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Lincolnshire health visitors vote for ‘unprecedented’ month-long strike

Health visitors in Lincolnshire have voted to strike for a month amid a long-running row over pay and professional standards.  

Trade union Unite claims that some health visitors in the county could lose £150,000 over the course of the careers as they prepare to strike from 18 November to 13 December.  

Unite represents 76 of the 126 health visitors employed by Lincolnshire County Council, of which a majority (67%) voted last month for the latest round of walkouts following 32 days of strikes since July and around 450 shifts lost.    

Unite calculates that the health visitors have lost more than £2,000 a year since they were transferred from the NHS in October 2017. They have not received an inflationary pay rise as they remained on Agenda for Change terms and conditions. 

Though the health visitors can transfer to the Lincolnshire County Council contract, Unite and its members are critical of the council’s new ‘career progression scheme’, introduced on 1 October, which splits staff into grade 9 and more ‘senior’ grade 10 roles.  

To progress to grade 10 on the scheme, staff must have worked as a health visitor for four years among other competencies. But Unite argues that all health visitor roles equate to a grade 10, prompting health visitors on both grade 9 and 10 to strike.  

The ‘possibility of getting stuck at the top of the grade 9’ would mean ‘a direct pay cut of £4,000 per annum’ compared to what a health visitor can earn in the NHS or other councils, Unite regional officer Steve Syson wrote in a letter to the county council.  

Mr Syson also said that the month-long strike demonstrates a ‘deepening crisis’ in the service and ‘the adverse impact this is having on Lincolnshrie families and children’.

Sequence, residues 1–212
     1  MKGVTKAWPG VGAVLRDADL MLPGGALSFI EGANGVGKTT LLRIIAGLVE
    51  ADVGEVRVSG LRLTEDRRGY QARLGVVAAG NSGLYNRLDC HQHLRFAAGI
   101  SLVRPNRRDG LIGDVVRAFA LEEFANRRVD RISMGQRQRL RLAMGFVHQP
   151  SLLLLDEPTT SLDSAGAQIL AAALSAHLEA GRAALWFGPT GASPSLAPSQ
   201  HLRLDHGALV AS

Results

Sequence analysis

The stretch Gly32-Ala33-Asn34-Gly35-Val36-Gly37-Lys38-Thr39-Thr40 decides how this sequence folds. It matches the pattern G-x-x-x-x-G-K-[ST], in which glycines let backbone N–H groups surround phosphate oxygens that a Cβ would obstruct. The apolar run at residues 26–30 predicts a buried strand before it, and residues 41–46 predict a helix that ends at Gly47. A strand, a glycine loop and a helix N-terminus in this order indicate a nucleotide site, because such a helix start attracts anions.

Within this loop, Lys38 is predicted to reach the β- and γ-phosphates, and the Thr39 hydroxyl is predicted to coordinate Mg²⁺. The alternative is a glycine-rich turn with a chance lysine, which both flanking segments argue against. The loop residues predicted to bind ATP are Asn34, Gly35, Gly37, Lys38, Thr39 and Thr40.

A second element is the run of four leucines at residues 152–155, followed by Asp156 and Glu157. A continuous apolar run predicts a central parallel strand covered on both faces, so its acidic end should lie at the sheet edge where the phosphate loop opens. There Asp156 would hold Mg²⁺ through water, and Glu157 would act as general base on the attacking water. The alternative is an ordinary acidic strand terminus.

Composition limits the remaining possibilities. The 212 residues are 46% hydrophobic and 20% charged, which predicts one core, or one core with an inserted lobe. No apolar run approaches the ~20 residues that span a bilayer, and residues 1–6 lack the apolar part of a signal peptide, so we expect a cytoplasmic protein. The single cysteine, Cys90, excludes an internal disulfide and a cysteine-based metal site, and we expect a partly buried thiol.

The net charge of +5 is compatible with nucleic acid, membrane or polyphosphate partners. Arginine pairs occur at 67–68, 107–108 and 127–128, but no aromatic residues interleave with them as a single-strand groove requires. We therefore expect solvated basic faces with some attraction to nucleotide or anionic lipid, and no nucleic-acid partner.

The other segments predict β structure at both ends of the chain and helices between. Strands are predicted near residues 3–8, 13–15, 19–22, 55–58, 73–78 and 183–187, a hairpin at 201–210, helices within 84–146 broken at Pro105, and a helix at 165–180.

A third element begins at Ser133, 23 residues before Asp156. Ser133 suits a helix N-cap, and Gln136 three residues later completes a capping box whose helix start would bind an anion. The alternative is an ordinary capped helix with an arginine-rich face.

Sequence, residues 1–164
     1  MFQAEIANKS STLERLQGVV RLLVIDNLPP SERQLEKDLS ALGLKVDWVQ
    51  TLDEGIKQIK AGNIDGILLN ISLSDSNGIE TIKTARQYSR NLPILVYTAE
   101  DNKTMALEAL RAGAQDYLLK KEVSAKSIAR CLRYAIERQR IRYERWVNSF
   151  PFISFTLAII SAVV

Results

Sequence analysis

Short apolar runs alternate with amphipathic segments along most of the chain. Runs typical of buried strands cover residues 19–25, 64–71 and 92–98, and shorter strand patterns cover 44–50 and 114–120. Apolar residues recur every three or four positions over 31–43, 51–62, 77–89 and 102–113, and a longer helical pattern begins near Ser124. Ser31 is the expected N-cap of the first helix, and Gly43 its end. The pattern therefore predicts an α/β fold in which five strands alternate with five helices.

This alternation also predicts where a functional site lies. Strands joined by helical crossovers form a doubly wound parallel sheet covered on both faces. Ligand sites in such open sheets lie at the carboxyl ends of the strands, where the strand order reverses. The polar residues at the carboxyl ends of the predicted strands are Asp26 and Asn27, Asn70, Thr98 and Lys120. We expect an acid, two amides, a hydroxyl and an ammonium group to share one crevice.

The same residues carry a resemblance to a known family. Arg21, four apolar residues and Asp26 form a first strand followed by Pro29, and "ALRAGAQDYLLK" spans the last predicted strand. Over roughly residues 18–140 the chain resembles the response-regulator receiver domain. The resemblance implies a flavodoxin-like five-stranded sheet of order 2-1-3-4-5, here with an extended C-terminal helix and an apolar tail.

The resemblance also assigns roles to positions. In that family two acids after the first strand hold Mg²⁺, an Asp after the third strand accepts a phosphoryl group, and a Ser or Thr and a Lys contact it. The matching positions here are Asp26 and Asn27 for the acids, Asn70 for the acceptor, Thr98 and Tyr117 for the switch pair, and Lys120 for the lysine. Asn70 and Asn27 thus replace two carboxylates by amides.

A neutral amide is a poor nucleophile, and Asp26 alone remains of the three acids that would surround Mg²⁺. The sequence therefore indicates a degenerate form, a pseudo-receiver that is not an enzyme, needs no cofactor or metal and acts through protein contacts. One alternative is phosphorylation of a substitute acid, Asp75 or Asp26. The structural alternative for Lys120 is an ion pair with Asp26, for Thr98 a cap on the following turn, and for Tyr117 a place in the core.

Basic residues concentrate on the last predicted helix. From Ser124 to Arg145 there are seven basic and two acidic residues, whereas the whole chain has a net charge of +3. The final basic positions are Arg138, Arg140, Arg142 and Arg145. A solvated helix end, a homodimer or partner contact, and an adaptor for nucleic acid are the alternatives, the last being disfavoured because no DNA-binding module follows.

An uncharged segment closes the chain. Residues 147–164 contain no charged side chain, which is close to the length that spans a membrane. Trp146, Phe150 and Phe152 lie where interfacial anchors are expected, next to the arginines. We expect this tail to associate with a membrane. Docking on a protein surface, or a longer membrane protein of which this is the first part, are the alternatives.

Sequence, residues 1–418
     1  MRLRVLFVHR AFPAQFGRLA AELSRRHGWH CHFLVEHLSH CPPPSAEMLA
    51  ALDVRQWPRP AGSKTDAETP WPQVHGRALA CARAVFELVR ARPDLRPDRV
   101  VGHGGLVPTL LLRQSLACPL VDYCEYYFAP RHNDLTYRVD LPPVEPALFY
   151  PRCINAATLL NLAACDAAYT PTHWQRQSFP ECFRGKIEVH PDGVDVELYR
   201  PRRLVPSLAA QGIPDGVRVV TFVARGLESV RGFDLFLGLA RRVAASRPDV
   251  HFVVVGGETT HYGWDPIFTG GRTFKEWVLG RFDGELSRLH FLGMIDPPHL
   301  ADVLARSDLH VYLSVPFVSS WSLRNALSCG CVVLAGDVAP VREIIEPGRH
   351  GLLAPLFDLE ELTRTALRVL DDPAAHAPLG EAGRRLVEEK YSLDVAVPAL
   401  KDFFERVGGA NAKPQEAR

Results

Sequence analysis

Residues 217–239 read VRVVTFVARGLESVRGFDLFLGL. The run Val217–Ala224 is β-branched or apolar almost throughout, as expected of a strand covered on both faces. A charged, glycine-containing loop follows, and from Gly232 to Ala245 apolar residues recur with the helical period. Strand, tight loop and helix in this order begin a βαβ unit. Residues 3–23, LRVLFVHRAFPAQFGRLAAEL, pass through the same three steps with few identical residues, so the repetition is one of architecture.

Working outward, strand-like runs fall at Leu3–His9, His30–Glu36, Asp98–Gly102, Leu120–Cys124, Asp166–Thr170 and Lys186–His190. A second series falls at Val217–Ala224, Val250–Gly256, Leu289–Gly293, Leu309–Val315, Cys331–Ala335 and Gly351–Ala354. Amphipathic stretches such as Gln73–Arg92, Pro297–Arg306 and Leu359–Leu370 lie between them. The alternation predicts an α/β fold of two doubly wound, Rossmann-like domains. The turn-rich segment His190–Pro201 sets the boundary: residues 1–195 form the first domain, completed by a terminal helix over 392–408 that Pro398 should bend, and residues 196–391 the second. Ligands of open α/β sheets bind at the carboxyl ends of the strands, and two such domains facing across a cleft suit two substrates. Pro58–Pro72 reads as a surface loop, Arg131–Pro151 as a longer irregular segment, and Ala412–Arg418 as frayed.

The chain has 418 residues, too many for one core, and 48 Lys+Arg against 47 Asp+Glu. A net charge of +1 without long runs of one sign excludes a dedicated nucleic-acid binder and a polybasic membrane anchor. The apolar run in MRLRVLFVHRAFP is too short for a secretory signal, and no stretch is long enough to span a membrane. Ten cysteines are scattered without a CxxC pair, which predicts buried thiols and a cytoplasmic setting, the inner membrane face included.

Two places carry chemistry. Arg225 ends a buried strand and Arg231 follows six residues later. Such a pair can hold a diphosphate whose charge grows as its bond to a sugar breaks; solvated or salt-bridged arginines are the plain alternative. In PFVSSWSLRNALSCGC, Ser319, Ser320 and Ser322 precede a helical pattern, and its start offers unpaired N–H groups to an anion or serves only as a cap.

Unite regional secretary for the East Midlands Paresh Patel added: ‘This is a crisis entirely of this cash-rich council’s making and this month-long strike by health visitors is unprecedented in modern times – and a searing indictment of the council’s narrow minded and incompetent managerial style. 

‘Unite will give our health visitor members maximum support during the coming strike – their fight is not just for Lincolnshire, but they are in the vanguard of raising awareness of the crisis enveloping the profession across England.’  

Since the dispute began this summer, Unite claims that more than 20 health visitors have left their roles: 14 have already gone while eight will soon be departing for new jobs. 

Heather Sandy, interim director of education at Lincolnshire County Council, expressed disappointment that the ‘industrial action is being pursued’ despite ‘constructive discussions’ with Unite. 

She said that the issues are ‘part of a national campaign by Unite which has less relevance to Lincolnshire than elsewhere’. 

She explained: ‘In Lincolnshire, we have increased the number of health visitors across the county, we have maintained the number of visits families receive from a health visitor and we have increased pay for this workforce in line and above the NHS.’ 

The council’s career progression scheme means staff members do not have to ‘remain on a static salary’ and ‘can move on in their careers and be financially rewarded beyond that available in the NHS,’ she argued.  

She continued: ‘ Unite's suggestion that all health visitors should have a starting salary £3500 above their colleagues in the health service is financially unsustainable and would have serious implications for bordering NHS service recruitment. 

‘Whilst some health visitors have voted to strike, we expect a large proportion of our health visiting staff will continue to deliver safe and effective support to families and their children, as they have since joining Lincolnshire County Council.’ 

Last month, Lincoln MP Karen Lee, who is also a nurse, voiced concerns that the career progression scheme would 'divide the health visitor role' at a debate at Westminster Hall

The debate came in response to the Institute of Health Visiting revealing a 31.8% reduction of health visitors from 10,309 to 7,026 in England since 2015.   

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